Department of Pharmacology, Faculty of Medicine, Fukuoka University, Fukuoka 814-0180, Japan; b Department of Surgery, Faculty of Medicine, Fukuoka University, Fukuoka 814-0180, Japan Bronchial asthma is a complex inflammatory disorder of the airways. Complement activation produces anaphylatoxic polypeptides, and the anaphylatoxins C3a, C4a, and C5a, are considered to contribute to the pathophysiology of asthma. Among various mediators and cytokines involved in asthma inflammation, cysteinyl-leukotrienes (cysLTs) are one of the most important mediators. Consequently, we studied whether or not C3a and C5a were able to stimulate generation of cysLTs from human lung tissues. The lung tissues that appeared macroscopically normal were obtained from patients with lung cancer. The extraction of RNA from the tissues and then polymerase chain reaction showed C5aR-, C3aR-, and C5L2-mRNA expression in the lungs. When the chopped lung fragments passively sensitized with human IgE were incubated with anti-human IgE antibody, a significant amount of cysLTs was generated in comparison with the control (without anti-IgE antibody). Incubation with C5a or C3a alone did not stimulate cysLT production from lung tissues. However, the co-addition of C5a or C3a with anti-IgE antibody potentiated cysLT production in comparison with antibody stimulation alone. The response was bell-shaped in distribution, significant, and peaked at a C5a concentration of 1 ng/ml. The co-addition of human C3a up to 1000 ng/ml tended to increase cysLT production, but not to any significant extent. A novel


Abstracts / Molecular Immunology 44 (2007) 147–266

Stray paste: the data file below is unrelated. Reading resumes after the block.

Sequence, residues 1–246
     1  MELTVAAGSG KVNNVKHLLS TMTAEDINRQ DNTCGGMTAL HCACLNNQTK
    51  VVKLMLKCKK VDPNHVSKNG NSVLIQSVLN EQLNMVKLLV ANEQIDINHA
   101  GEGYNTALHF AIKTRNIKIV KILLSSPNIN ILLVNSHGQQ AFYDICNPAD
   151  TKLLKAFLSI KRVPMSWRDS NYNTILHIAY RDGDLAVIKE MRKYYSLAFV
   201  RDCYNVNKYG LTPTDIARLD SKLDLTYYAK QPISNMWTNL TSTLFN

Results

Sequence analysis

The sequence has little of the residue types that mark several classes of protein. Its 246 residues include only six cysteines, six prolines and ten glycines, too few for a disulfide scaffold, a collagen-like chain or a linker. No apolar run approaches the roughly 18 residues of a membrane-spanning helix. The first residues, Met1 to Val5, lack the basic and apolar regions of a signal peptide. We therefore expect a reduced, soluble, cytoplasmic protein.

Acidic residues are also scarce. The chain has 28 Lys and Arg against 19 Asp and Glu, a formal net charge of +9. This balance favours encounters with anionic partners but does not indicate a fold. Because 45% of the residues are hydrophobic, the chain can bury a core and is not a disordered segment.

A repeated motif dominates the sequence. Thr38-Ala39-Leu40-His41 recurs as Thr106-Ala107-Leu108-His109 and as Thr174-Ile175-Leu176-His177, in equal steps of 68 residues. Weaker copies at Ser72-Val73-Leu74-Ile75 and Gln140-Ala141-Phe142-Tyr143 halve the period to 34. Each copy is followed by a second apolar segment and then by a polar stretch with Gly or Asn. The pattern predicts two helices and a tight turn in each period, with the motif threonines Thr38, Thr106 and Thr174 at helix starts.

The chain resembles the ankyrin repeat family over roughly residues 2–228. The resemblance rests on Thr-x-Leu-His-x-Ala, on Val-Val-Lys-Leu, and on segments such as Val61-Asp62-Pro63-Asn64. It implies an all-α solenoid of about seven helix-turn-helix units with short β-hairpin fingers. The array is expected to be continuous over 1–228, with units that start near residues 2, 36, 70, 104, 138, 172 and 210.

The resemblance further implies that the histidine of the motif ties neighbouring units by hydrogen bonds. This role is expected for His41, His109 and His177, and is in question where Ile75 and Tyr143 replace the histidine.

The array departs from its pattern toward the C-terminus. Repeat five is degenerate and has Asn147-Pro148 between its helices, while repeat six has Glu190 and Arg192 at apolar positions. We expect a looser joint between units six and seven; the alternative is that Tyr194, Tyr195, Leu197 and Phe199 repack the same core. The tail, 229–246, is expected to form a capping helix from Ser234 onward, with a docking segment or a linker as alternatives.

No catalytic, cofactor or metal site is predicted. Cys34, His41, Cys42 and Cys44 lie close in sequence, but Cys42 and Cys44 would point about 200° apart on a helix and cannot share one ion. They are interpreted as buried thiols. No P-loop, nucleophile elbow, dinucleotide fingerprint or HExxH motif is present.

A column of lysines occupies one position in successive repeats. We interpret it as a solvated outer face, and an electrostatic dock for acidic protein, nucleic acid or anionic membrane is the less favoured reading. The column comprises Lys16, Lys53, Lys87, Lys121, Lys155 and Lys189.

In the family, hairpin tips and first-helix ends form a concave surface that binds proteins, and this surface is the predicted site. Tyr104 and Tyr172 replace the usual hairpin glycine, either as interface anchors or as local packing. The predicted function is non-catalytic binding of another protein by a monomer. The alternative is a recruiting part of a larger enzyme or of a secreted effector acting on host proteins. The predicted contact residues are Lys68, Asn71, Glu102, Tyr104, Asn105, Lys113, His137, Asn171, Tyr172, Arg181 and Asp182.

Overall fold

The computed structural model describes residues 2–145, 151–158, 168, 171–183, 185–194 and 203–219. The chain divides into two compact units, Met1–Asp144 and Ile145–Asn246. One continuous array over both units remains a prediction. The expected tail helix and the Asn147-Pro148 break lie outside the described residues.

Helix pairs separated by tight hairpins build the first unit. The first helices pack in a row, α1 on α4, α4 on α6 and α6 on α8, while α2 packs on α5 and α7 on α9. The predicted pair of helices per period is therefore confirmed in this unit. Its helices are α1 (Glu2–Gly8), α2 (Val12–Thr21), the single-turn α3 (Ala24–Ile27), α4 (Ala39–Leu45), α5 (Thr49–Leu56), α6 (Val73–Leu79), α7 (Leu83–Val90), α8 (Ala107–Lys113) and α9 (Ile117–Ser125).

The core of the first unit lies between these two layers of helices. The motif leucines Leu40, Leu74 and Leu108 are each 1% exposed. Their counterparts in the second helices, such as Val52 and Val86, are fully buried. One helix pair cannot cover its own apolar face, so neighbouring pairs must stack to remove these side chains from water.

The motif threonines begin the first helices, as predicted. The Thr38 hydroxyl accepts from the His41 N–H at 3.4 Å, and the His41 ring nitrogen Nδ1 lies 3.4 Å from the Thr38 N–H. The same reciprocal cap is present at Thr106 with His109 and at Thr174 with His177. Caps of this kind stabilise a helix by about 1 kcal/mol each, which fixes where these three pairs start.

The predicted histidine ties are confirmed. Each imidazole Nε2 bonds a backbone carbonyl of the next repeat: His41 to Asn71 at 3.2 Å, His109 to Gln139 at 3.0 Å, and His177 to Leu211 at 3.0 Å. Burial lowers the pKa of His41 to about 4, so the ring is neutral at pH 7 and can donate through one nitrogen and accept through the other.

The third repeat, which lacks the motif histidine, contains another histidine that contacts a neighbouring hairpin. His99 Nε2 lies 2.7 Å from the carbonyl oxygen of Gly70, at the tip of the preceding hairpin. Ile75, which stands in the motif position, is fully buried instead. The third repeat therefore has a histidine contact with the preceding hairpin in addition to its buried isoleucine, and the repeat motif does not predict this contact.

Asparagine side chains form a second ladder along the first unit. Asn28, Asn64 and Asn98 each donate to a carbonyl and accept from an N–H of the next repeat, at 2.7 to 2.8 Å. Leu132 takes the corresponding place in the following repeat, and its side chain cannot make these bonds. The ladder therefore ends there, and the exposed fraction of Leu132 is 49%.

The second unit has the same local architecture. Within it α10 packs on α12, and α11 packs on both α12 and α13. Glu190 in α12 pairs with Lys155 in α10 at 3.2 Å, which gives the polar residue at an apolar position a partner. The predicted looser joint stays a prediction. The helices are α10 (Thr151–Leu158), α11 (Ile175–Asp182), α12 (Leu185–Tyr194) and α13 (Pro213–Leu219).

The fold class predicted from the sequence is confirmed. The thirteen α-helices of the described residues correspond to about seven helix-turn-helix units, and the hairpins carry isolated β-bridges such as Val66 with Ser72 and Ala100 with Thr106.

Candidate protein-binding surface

C5a receptor complementary peptide, acetylated peptide A, dose-dependently inhibited cysLT production from the lung fragments following anaphylactic reaction in the presence of 1 ng/ml C5a. A non-peptide C5aR antagonist (W-54011) similarly suppressed the production of cysLTs by the same stimulation from human lung tissues but not from rat lung tissues. It is suggested that the anaphylatoxin C5a potentiates cysLT production in human lungs and contributes to allergic inflammation in disorders such as asthma. Pharmacological manipulation of C5a/C5a receptor signaling may be a promising target for the development of novel anti-asthmatic therapies. doi:10.1016/j.molimm.2006.07.007 3 Role of factor H and complement receptor 3 in mediating attachment of Neisseria gonorrhoeae to eukaryotic cells Sarika Agarwal, Sanjay Ram, Sunita Gulati, Peter A. Rice University of Massachusetts Medical School, Division of Infectious Diseases and Immunology, Worcester, MA 01602, USA Human factor H, an alternative complement pathway regulatory protein, is instrumental in converting complement component C3b to the inactivate form, iC3b, enabling gonococci to evade killing by human complement. In addition to iC3b, factor H, itself, binds to specific receptors on different cell types and in association with complement receptor 3 (CR3, also known as CD11b/CD18) plays a role in adherence to PMNs. Recently it has been reported that CR3 is also present on primary cervical epithelial cells. We hypothesized a potentially cooperative role between factor H and CR3 in gonococcal adherence to epithelial cells that may facilitate their entry into cells. In a model system, we examined association of a factor H binding strain of Neisseria gonorrhoeae, called 252, and the non-factor H binding strain, F62, to Chinese hamster ovary (CHO) cells, transfected with and without the CR3 receptor. In addition to unsialylated gonococcal strains used in the study, cultures were also sialylated with the addition of 5 -cytidinemonophospho-N-acetyl neuraminic acid (CMP-NANA). A fraction of sialylated and unsialylated cultures were each pre-incubated with factor H, then added to CR3 transfected and non-transfected CHO cells. Using either FACS or fluorometer analysis, we measured a significant increase in adherence to CHO cells by GFP expressing gonococci with bound factor H in CR3 transfected CHO cells compared to diminished adherence to non-transfected CHO cells using gonococci with or without bound factor H (ratios range between 2.8 and 5 in gonococci that bind factor H compared to a ratio of ∼1 for gonococci that do not bind factor H). Specificity of the factor H/CR3 interaction in CHO cells was corroborated by increased binding of free factor H and resultant decreased exposure of CD18 on CR3 transfected cells. These results indicate that binding to CR3 bearing cells is enhanced in N. gonorrhoeae with affixed factor H, thereby providing an additional mechanism of adherence of gonococci to host cells. doi:10.1016/j.molimm.2006.07.008